The World Exposition is a place where nations can showcase their economic and cultural capacity, as well as cutting - edge construction technologies and aesthetics to the world. The introduction of architecture masterpieces, such as the 'Crystal Palace' at the 1851 London Exposition, the 'Eiffel Tower' at the 1889 Paris Exposition, and the 'German Pavilion' by Mies Van Der Rohe at the 1929 Barcelona Exposition show the significance of The World Exposition.
The World Exposition Shanghai 2010 is expected to be the largest world festival ever, with participation from more than 200 countries and international organizations. On the west side of The World Exposition site by the Huangpu River, a city pavilion, theme pavilion, and corporate pavilion will be established. The east side of The World Exposition site will house, public activity and, public performance centers, as well as continental pavilions for participants from Asia, Oceania, Europe, the Americas, and Africa. Announcement of each country's pavilions that will be established at the Shanghai Exposition is certain to, attract the interest of the architectural industry.
Participating nations of the expo are exhibiting their pavilion designs that reinterpret their unique cultures in different ways to express national identities. The pavilion of China, which is the host of the exposition, will be located in the center of the exposition site. The red pavilion represents China's modernly re-interpreted Dougong Brackets of traditional Chinese wooden structure architectural elements. Around the pavilions, low buildings with abstract images of Chinese characters engraved on the elevations surround them as though standing guard. The pavilions of Poland and the United Arab Emirates show off flattering facades expressing beautiful traditional patterns. The design of the Polish pavilionWojciech Kakowski, Marcin Mostafa, Natalia Paszkowska is inspired by traditional folk - art paper cut - outs, and the UAE pavilion Foster+Partners is inspired by ancient patterns in Arabic art. The visitors will feel exotic ambiences created by lights coming through the patterns. Spain's pavilionMiralles Tagliabue EMBT is modeled after the classic Spanish wicker basket, to make unique space with steels and woods.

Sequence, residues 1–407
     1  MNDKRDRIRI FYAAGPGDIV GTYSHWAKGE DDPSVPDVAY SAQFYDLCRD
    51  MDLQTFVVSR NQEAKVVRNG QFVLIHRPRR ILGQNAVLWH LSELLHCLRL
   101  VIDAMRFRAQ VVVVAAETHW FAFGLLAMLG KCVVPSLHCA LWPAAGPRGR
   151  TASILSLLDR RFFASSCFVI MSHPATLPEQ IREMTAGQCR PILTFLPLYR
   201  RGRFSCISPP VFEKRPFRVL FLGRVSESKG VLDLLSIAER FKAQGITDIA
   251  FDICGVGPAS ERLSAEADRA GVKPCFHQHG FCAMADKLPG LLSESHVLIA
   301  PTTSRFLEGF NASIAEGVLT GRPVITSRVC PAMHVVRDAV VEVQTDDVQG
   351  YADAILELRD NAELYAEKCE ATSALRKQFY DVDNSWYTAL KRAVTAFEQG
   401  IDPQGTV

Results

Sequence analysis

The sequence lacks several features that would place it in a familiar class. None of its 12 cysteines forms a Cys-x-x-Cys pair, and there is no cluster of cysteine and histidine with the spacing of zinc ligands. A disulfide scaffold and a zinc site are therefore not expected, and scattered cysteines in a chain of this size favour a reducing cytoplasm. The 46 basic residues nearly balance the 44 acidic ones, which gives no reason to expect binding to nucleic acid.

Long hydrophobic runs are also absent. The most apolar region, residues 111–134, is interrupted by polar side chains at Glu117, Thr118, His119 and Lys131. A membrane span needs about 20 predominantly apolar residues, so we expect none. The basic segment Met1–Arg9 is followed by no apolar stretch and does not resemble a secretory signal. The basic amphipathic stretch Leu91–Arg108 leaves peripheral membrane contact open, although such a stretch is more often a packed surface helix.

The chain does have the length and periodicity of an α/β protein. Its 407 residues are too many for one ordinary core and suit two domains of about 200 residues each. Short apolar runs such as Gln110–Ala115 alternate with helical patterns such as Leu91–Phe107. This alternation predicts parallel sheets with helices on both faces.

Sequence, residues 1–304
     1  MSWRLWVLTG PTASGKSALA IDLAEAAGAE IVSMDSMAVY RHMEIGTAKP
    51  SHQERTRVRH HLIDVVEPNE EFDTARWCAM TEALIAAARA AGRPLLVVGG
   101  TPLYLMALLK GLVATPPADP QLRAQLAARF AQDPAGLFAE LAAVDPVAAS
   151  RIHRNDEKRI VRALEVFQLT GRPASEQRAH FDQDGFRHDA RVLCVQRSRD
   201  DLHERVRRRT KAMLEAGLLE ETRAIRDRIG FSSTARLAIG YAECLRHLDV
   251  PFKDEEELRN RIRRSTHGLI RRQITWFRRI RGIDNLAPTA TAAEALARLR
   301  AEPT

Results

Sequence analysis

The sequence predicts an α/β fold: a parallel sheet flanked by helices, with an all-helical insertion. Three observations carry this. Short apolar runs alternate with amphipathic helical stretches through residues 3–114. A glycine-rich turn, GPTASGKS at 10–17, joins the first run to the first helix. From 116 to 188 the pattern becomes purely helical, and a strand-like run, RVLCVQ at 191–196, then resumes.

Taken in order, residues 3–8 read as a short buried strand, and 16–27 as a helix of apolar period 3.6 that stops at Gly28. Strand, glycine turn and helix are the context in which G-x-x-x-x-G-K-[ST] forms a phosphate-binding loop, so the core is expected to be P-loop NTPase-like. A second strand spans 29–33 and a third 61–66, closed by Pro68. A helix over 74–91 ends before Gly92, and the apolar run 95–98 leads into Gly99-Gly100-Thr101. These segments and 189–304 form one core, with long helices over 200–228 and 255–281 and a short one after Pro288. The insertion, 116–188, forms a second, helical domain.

On the other hand, the design of the Swiss pavilionBuchner BrŸndler Architects, element GmbH actively reflects the characteristic natural environment of its home country. Visitors will get to view a video presentation of the natural Swiss landscape in the inside exhibit area, and look around while riding the chairlifts from the ground to the rooftop that is covered with greenery. With this, visitors will not only enjoy a visual exposition but also indirectly enjoy experiences of Switzerland's unique natural environment. The Luxembourg pavilionHermann & Valentiny and associates is modeled after 'Forest and Fortress' which is the translation of the name Luxembourg into Chinese. Although the walls surrounding the pavilion make its inside and outside look discontinuous, the pavilion's large door allows the visitors free access into and out of the exhibition room.
The British and Dutch pavilions that were designed by world' famous architects through competition show new and creative exposition spaces. The Dutch pavilion John Kšmeling is similar to a city. Visitors walk through a curved road that reminds a roller coaster and visit buildings equipped with educational programs. The British pavilionHeatherwick Studio comprises thousands of swaying cilia, and looks as though it is sitting lightly on the ground. A small light source is attached to both ends of each stave emanating mysterious light both inside and outside the pavilion. They form a screen inside the exhibit area, showing a new display concept, and form a changing facade outside. These cutting - edge materials and architectural technologies use experimental works that top the existing architecture concept and show the new flow of the architecture.
Pavilion architecture for the exposition is created mostly for the purpose of the exposition and must be disposed of after the event. Structures that show examples of sustainability will be among the introduced pavilions. The Luxemburg pavilion will use recyclable materials, such as metal, wood, and glass. Switzerland's pavilion also will se recyclable materials and will supply environmentally friendly energy through wind and solar power generation. Poland plans to relocate its pavilion to Polish cities for reuse.
As an exhibition hall that symbolizes the nation's arts, culture, and architecture, each nation's pavilion is allowing a new experience of space and is presenting creative architectural solutions. These pavilions in The World Exposition Shanghai 2010 will be an opportunity to show the flow of new international architecture.